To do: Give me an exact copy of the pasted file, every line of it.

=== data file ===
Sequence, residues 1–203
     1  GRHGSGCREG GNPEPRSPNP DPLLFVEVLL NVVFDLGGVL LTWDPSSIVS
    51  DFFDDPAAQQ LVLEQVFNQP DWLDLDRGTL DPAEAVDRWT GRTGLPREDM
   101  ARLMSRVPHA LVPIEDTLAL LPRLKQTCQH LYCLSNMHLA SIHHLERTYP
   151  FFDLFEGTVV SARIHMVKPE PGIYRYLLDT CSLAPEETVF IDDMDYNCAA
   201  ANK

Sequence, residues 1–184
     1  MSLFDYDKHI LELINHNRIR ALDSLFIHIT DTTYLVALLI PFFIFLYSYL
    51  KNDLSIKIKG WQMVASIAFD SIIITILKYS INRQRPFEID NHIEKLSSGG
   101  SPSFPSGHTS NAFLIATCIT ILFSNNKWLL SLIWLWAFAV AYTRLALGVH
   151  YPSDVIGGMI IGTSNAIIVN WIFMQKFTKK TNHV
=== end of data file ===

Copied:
Sequence, residues 1–203
     1  GRHGSGCREG GNPEPRSPNP DPLLFVEVLL NVVFDLGGVL LTWDPSSIVS
    51  DFFDDPAAQQ LVLEQVFNQP DWLDLDRGTL DPAEAVDRWT GRTGLPREDM
   101  ARLMSRVPHA LVPIEDTLAL LPRLKQTCQH LYCLSNMHLA SIHHLERTYP
   151  FFDLFEGTVV SARIHMVKPE PGIYRYLLDT CSLAPEETVF IDDMDYNCAA
   201  ANK

Sequence, residues 1–184
     1  MSLFDYDKHI LELINHNRIR ALDSLFIHIT DTTYLVALLI PFFIFLYSYL
    51  KNDLSIKIKG WQMVASIAFD SIIITILKYS INRQRPFEID NHIEKLSSGG
   101  SPSFPSGHTS NAFLIATCIT ILFSNNKWLL SLIWLWAFAV AYTRLALGVH
   151  YPSDVIGGMI IGTSNAIIVN WIFMQKFTKK TNHV